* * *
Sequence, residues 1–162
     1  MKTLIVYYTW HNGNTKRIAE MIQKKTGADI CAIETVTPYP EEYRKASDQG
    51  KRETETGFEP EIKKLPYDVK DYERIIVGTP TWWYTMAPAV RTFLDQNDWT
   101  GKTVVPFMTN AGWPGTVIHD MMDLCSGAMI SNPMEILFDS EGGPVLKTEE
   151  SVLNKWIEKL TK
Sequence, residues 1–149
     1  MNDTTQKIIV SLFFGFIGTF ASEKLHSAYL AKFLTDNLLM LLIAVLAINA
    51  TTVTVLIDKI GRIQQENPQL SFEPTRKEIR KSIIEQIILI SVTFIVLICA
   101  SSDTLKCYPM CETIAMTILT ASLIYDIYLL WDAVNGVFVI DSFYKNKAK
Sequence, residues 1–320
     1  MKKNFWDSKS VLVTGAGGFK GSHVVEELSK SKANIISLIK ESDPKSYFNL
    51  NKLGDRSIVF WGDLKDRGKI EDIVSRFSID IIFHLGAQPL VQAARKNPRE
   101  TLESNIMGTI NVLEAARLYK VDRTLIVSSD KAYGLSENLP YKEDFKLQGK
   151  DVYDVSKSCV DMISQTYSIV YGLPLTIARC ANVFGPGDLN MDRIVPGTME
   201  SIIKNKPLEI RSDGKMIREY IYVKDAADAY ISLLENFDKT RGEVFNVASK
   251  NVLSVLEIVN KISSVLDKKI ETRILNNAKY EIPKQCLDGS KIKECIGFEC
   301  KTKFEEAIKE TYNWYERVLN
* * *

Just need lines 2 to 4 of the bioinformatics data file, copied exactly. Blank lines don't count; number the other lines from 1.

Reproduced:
     1  MKTLIVYYTW HNGNTKRIAE MIQKKTGADI CAIETVTPYP EEYRKASDQG
    51  KRETETGFEP EIKKLPYDVK DYERIIVGTP TWWYTMAPAV RTFLDQNDWT
   101  GKTVVPFMTN AGWPGTVIHD MMDLCSGAMI SNPMEILFDS EGGPVLKTEE